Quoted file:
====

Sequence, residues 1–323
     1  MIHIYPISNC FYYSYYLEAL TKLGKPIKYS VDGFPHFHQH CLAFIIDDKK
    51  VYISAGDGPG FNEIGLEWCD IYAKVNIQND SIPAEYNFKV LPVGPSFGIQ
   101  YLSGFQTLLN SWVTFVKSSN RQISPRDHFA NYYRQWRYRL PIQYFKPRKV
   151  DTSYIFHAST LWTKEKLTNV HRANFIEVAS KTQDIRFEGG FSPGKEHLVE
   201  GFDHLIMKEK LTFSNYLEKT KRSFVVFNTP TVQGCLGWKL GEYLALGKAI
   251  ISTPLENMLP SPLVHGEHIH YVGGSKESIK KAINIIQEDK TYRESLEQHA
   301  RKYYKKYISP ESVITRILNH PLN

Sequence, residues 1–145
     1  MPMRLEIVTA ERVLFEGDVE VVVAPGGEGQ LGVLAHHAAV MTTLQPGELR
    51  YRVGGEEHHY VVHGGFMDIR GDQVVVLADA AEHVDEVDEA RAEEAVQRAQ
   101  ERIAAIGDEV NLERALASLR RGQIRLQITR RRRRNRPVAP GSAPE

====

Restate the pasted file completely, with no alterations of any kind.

Sequence, residues 1–323
     1  MIHIYPISNC FYYSYYLEAL TKLGKPIKYS VDGFPHFHQH CLAFIIDDKK
    51  VYISAGDGPG FNEIGLEWCD IYAKVNIQND SIPAEYNFKV LPVGPSFGIQ
   101  YLSGFQTLLN SWVTFVKSSN RQISPRDHFA NYYRQWRYRL PIQYFKPRKV
   151  DTSYIFHAST LWTKEKLTNV HRANFIEVAS KTQDIRFEGG FSPGKEHLVE
   201  GFDHLIMKEK LTFSNYLEKT KRSFVVFNTP TVQGCLGWKL GEYLALGKAI
   251  ISTPLENMLP SPLVHGEHIH YVGGSKESIK KAINIIQEDK TYRESLEQHA
   301  RKYYKKYISP ESVITRILNH PLN

Sequence, residues 1–145
     1  MPMRLEIVTA ERVLFEGDVE VVVAPGGEGQ LGVLAHHAAV MTTLQPGELR
    51  YRVGGEEHHY VVHGGFMDIR GDQVVVLADA AEHVDEVDEA RAEEAVQRAQ
   101  ERIAAIGDEV NLERALASLR RGQIRLQITR RRRRNRPVAP GSAPE